The rice vinegar used in this invention is prepared as follows. In the first step, unhulled unpolished rice is polished with a rice-polishing machine. It is preferred that 0.1 to about 15% by weight of the rice skin be removed in the rice-polishing treatment. Incidentally, about 30 to 50% by weight of the rice skin is removed in the case of producing a refined sake, which is a Japanese alcoholic beverage. But, too much polishing results in the loss of the rice nutrient such as protein and vitamins and, thus, is not preferred in the production of rice vinegar. Only a slight scratching of the skin brings about 0.1% by weight of the skin removal of the unhulled unpolished rice. In this case, the embryo bud of the rice remains unremoved, leading to the production of a concentrated rice vinegar rich in nutrients, though it is somewhat difficult to carry out fermentation of the rice satisfactorily.
The rice thus polished is water-washed and immersed in water for about 20 hours, followed by draining of the rice fully absorbing water and subsequent steaming of the rice so as to convert the starch of the rice into .alpha.-type. The steamed rice is gradually cooled down to 35.degree. C. to 38.degree. C. and, then, put in a koji-producing chamber.
Seed of koji mold such as aspergillus oryzae is added to the steamed rice for multiplication of the koji mold so as to prepare koji. On the other hand, "Shubo", namely, the substance from which sake is prepared, is separately prepared by adding lactic acid or lactobacilli and yeast to a mixture of steamed rice, koji and water, followed by fermentation. Lactic acid is used because the optimum pH for the multiplication of yeast is slightly acidic. The resultant Shubo, which is obtained after about 20 days of fermentation, contains about 300 millions of yeast fungi per cubic centimeter of the Shubo.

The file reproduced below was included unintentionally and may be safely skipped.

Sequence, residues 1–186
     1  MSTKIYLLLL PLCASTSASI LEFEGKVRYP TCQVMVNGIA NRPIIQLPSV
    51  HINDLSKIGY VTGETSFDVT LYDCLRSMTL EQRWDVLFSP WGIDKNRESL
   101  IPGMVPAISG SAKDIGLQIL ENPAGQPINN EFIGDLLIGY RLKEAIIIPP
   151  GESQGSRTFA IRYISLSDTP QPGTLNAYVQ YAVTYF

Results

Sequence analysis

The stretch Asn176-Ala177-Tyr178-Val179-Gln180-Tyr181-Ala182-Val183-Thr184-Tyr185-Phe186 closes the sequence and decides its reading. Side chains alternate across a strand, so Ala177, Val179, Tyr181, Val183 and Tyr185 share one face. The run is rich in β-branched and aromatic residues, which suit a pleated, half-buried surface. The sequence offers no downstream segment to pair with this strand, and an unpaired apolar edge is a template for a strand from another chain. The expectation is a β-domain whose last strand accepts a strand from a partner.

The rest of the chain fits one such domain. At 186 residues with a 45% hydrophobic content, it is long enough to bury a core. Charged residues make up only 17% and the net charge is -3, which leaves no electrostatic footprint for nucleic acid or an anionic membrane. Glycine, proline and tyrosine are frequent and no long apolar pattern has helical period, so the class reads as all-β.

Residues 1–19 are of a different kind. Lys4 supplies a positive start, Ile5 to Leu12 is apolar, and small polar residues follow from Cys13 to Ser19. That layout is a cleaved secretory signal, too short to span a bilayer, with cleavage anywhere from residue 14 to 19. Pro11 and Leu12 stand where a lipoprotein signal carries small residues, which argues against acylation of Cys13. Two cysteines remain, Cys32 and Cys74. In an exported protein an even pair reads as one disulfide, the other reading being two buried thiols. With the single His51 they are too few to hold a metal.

Steamed rice, koji and water are newly added to the Shubo, which is generally called "an initial addition". The day after the initial addition, "an intermediate addition" is carried out as in the initial addition. Likewise, "a binal addition" is conducted the day after the intermediate addition. In short, steamed rice, koji and water are added to the Shubo in three steps. This method is very effective for producing a large amount of sake with a small amount of yeast.
After the binal addition, the resultant mixture is subjected to alcoholic fermentation while being saccharified. It is necessary in this step to keep the fermentation temperature higher than for the case of producing a refined sake in order to permit a sufficient decomposition of the raw material. Unrefined sake having an alcohol content of about 18% is produced after about 25 days of fermentation. Vinegar is added to the unrefined sake, followed by squeezing the mixture so as to separate the mixture into liquor and lees. The separated liquor is subjected to aging for about one month. The aged liquor is diluted with water to an extent permitting acetic acid fermentation and, then, vinegar seed and acetic acid bacteria are added to the diluted liquid, thereby performing acetic acid fermentation and producing the desired product of rice vinegar.
The acetic acid fermentation can be carried out by either a submerged culture method or by leaving the mixture at rest for a long time. Although the submerged culture method permits a rapid fermentation, it is preferred to leave the mixture at rest for a long time for the purpose of carrying out acetic acid fermentation very slowly. A slow fermentation enables the product rice vinegar to contain larger amounts of extract, amino acids and other organic acids. It is particularly important to note that the slow fermentation is advantageous over the submerged culture method in terms of the ratio of non-volatile acids to volatile acids contained in the product rice vinegar.